THE stark warnings contained in the annual report of the Rotunda come on a day when the life and health of mothers and babies will be centre stage.
While the report of the expert group on abortion will have safety at its core, the debate about the risks faced by pregnant women and infants in maternity hospitals needs to be widened.
The continued difficulties faced by the Rotunda, Holles Street and the Coombe are not new.
The problem of delivering thousands of babies in outdated buildings, with fewer staff and a cut in funding should be sparking a national debate.
But efforts by different hospital masters to draw attention to the potentially hazardous environment in which they operate have received fleeting attention.
The concern expressed by politicians in recent weeks about the health and safety of pregnant women and infants has a hollow ring when it is clear this Government will make yet more cuts in next week's Budget which will have a negative effect on maternity services.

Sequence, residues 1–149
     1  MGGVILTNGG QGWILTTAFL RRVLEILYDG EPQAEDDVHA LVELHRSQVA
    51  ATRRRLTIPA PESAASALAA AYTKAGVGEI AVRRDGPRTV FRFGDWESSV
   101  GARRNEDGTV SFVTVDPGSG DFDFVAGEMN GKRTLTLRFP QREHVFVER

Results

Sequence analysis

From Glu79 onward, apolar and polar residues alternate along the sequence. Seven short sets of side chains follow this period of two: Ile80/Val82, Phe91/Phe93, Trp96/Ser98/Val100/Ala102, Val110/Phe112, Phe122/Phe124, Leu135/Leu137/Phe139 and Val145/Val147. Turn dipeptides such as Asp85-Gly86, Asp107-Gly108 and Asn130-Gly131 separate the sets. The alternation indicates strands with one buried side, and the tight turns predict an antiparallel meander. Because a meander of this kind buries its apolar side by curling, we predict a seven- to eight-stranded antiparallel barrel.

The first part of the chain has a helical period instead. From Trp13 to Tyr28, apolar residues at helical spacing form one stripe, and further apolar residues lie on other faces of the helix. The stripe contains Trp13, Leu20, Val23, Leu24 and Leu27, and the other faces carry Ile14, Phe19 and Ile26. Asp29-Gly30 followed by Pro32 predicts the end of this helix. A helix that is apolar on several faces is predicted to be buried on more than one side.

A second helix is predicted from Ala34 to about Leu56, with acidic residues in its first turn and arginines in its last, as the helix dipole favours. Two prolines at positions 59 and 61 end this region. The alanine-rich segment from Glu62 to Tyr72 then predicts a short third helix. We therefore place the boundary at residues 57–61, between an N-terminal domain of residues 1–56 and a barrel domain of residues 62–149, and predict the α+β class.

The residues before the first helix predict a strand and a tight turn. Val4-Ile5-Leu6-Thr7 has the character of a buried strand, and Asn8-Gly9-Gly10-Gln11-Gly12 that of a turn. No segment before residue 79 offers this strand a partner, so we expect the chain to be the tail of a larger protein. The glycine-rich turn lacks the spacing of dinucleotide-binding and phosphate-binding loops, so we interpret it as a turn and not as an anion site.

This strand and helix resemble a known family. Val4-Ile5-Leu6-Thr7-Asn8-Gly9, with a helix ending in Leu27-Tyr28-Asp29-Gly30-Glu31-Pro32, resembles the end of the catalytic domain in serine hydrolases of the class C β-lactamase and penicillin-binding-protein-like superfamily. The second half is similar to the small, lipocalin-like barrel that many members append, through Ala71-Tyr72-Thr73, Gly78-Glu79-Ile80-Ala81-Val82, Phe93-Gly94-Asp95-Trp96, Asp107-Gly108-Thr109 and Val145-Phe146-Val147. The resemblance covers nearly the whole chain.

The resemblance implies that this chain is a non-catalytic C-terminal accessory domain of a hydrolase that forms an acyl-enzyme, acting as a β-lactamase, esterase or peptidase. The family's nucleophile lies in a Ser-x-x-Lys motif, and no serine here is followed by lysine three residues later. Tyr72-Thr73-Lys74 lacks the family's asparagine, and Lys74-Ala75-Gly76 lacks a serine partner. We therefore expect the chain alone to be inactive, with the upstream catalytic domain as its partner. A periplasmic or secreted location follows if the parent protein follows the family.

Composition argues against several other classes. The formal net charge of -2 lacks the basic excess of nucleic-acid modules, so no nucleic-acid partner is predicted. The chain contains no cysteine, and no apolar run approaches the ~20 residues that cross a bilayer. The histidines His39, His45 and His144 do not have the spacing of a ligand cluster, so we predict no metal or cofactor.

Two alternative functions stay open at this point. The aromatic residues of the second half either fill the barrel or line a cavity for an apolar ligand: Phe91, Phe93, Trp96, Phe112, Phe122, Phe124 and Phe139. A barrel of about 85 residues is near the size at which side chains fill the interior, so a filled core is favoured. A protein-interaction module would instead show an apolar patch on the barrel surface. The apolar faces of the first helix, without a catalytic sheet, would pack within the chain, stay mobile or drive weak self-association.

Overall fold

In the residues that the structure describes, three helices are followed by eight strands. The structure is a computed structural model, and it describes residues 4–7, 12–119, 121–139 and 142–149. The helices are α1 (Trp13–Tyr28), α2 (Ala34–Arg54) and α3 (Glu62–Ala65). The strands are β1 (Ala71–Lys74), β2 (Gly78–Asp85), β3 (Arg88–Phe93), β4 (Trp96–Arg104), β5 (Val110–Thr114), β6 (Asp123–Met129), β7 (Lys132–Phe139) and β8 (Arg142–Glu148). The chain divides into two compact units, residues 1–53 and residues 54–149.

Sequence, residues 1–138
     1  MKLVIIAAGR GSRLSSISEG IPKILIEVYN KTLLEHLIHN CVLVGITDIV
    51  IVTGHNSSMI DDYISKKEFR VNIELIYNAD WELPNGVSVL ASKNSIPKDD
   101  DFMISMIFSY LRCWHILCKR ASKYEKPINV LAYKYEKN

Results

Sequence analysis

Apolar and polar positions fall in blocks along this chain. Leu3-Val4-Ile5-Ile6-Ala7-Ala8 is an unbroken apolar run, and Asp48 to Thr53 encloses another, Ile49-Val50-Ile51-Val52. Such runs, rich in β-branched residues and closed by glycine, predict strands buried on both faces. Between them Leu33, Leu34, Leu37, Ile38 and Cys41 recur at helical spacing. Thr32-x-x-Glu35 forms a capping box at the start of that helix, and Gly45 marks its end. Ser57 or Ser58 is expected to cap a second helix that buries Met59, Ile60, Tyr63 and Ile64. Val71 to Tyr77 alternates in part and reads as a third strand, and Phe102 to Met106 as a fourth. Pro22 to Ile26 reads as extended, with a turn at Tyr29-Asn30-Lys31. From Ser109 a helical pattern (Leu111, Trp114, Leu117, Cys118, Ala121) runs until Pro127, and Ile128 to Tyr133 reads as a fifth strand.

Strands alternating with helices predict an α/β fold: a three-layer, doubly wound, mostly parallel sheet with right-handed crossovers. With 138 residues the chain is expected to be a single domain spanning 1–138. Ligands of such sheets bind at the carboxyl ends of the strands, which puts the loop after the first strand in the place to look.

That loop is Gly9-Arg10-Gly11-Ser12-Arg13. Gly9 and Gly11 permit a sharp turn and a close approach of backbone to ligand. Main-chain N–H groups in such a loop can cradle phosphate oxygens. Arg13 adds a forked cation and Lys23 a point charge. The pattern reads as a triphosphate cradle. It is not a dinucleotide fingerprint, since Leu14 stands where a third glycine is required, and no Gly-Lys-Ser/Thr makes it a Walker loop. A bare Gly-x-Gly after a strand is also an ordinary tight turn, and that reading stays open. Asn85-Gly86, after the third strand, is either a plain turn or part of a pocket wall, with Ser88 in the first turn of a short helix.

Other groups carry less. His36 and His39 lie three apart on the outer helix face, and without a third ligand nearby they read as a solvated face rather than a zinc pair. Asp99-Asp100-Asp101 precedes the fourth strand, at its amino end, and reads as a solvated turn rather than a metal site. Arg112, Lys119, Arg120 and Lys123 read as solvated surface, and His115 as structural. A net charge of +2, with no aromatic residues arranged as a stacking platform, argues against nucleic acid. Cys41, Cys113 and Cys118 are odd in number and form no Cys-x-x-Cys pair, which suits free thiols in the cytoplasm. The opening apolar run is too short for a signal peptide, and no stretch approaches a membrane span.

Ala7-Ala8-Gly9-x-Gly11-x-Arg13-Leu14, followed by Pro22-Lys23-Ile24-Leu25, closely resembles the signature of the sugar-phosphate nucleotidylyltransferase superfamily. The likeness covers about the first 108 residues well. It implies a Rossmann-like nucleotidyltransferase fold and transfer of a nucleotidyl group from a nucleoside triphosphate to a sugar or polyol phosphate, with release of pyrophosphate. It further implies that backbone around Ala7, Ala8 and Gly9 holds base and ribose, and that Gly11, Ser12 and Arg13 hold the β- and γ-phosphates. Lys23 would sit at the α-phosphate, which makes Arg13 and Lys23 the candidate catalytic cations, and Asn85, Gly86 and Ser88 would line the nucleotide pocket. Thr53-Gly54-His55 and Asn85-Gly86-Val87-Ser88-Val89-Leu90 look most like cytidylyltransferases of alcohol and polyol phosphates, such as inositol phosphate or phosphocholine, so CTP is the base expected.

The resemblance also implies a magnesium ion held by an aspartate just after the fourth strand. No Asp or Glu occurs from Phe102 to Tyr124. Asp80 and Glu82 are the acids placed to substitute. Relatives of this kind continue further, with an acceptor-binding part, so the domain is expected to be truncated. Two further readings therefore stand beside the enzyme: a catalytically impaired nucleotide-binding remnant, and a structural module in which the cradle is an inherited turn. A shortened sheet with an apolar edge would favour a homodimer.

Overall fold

Sam Coulter Smith is clear about the need for politicians to stop paying lip service to calls for increased investment.
He wrote that it is absolutely vital that these services get on to the political agenda of those who fund the health service.
Yet he notes that there does not seem to be any light at the end of the tunnel and knows that 2013 will be even more difficult.
Although it is customary for masters to praise their staff in annual reports, it is clear that his remarks about nurses and midwives missing meal breaks and staying late to maintain the safety of patients are merited.